As a scientific piece of masonry, this staircase is not excelled on this continent, and well sustains the reputation of William Struthers, the stonecutter of the Continental. All the wooden stairs are the work of Mr. Allen Bard. Back on this stairway, and fronting on Ninth Street, is the barber shop. Leaving the exchange, the Chestnut Street entrance is continued to the saloon, sixty-six by forty-seven feet, affording entrance to the Wash Room, Coatroom, Water Closets, etc. Adjoining the saloon is the Billiard Room, fifty-five feet by forty-seven feet. Behind this, occupying several stories in height, is the culinary department, including store room for flour, milk, ice, etc., the bakery, the meat and vegetable kitchen, and the confectionery, with all their attendant and multifarious requirements. On the second floor, fronting on George Street, and immediately over the saloon and billiard room, is the grand dining room, 90 feet by 47 feet, decorated with scagliola pilasters, by Thomas Heath, the capitals of which are most beautiful and appropriate, the principal feature being the American eagle and shield, surrounded by fruit and foliage. They were modeled for Mr. Heath, from the architect's designs, by Bailey, the sculptor. Around the entire room is a highly polished base of Italian marble, projecting into pedestals for the pilasters. This, together with all the tiling and mantels, is from the establishment of Mr. John Baird, on Ridge Road.

The frescoe decorations in this magnificent room and throughout the building, by K. Kaiser & Co., are of the highest order, and exhibit a thorough knowledge of effect in color and drawing. The paintings of flowers, fruit and animals on the ceiling of the dining room are exceedingly artistic. Opposite the Grand Staircase is the Tea Room, 65 feet by 36 feet, and between this and Chestnut Street is a suite of private dining rooms. The Ladies' Parlor is on the corner of Chestnut and Ninth Streets, connecting sliding doors with the other public rooms on both streets. The private parlors on this and the upper floor, with communicating chambers, dressing and bathrooms, etc., are replete with every convenience.

Business Exchange of the Continental Hotel. Image from the collection of The Library Company of Philadelphia.

 

Lobby of the Continental Hotel, 1860. Image from the collection of The Library Company of Philadelphia.

 

The Continental Hotel is described as being constructed of the finest materials. The program includes rooms that allow for the separation of served and servant spaces. The program accommodates the guests' indulgent lifestyle. The preceding architectural description provides a very precise textual reconstruction of Philadelphia's foremost upper class hotel of the mid-19th century, which was unfortunately demolished in 1923-24 in order to make way for the Benjamin Franklin Hotel designed by Horace Trumbauer.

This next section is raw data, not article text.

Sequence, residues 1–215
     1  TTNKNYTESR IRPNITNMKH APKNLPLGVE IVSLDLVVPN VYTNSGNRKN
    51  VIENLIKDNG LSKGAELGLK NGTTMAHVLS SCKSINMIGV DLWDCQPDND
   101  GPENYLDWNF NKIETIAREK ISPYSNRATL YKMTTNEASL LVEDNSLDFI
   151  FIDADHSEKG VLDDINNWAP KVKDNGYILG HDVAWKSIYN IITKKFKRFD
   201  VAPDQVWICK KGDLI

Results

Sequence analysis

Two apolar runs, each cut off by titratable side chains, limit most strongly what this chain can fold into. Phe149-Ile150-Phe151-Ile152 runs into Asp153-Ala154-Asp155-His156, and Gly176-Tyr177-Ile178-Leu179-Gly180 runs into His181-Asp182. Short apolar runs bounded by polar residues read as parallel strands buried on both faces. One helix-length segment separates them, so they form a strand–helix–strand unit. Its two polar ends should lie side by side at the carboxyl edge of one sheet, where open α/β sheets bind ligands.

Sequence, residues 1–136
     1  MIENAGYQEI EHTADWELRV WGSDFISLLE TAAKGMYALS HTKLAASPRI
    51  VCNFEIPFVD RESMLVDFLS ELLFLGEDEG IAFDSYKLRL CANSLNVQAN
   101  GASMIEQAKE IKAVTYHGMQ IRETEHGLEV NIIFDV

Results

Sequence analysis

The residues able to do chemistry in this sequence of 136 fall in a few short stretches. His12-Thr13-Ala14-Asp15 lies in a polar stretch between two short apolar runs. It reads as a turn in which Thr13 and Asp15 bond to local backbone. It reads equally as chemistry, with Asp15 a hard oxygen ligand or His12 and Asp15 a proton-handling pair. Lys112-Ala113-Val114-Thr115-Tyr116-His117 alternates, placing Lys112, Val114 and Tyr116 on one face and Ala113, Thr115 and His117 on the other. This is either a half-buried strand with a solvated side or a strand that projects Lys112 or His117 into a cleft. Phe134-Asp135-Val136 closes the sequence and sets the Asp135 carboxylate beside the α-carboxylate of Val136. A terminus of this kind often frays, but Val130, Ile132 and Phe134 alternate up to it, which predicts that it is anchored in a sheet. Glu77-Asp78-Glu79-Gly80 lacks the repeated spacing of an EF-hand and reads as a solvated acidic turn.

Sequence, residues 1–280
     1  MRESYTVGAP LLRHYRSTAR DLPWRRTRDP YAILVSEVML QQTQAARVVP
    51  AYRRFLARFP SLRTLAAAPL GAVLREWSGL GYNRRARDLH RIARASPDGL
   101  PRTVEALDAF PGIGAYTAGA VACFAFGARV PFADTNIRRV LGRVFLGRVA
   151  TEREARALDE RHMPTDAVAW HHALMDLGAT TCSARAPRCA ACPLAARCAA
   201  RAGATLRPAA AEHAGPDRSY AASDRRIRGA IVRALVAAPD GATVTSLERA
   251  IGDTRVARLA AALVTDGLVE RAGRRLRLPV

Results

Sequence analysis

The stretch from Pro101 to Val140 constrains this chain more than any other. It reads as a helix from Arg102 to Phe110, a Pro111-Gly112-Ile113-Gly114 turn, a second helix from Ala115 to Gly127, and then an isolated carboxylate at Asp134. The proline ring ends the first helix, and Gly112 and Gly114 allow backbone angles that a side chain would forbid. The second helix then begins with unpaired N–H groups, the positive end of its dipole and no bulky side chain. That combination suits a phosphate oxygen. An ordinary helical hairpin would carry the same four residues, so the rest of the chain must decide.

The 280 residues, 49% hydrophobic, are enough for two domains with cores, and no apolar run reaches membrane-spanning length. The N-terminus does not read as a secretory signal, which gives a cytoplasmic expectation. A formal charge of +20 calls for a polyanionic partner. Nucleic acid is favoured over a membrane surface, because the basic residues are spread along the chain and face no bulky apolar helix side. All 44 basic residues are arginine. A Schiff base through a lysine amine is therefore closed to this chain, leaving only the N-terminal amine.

Hotel Walton, constructed between 1892-1895 and designed by Angus S. Wade, is a palace hotel of the late Victorian era. Images of the grand foyer/lobby, dining room, and palm room are in the collection of The Library Company of Philadelphia.

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Photograph of Philadelphia's Hotel Walton, 1908, by The Rotograph Company, New York. Image from the collection of The Library Company of Philadelphia.

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Postcard showing a view of Hotel Walton's palm room. Brightbill Postcard Collection, The Library Company of Philadelphia.

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Photograph of the Walton Hotel dining room, 1908. From the collection of The Library Company of Philadelphia.

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Photograph of Hotel Walton's foyer/lobby, 1908. From the collection of The Library Company of Philadelphia.

Hotel Walton was demolished in 1966.


Green's Hotel, another upper class, palace hotel built during the 1890s, was located on the 700-block of Chestnut Street.

This advertising card for Green's "European" Hotel boasts modern improvements, including elevators and new rooms with private baths. The card also advertises Green's Cafe, the finest in Philadelphia. Brightbill Postcard Collection, The Library Company of Philadelphia.

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Advertisement for Green's Hotel. The ad states up front that this hotel is on a European plan. It is centrally located in the very heart of the business district of the city, with convenient access to and from all points of the city because more trolley cars pass the door of this than of any other hotel in Philadelphia. The ad emphasizes that Green's is thoroughly firs-class in all of its appointments. The program includes a ladies' and gentlemen's cafe. The building is equipped with its own electric plant, ice plant, laundry, etc.

Unfortunately Green's Hotel was demolished in 1934. None of Philadelphia's 19th century palace hotels are still standing. The Bellevue-Stratford Hotel, built in 1902-1904 on South Broad Street, became the city's most expensive and opulent hotel of the 20th century.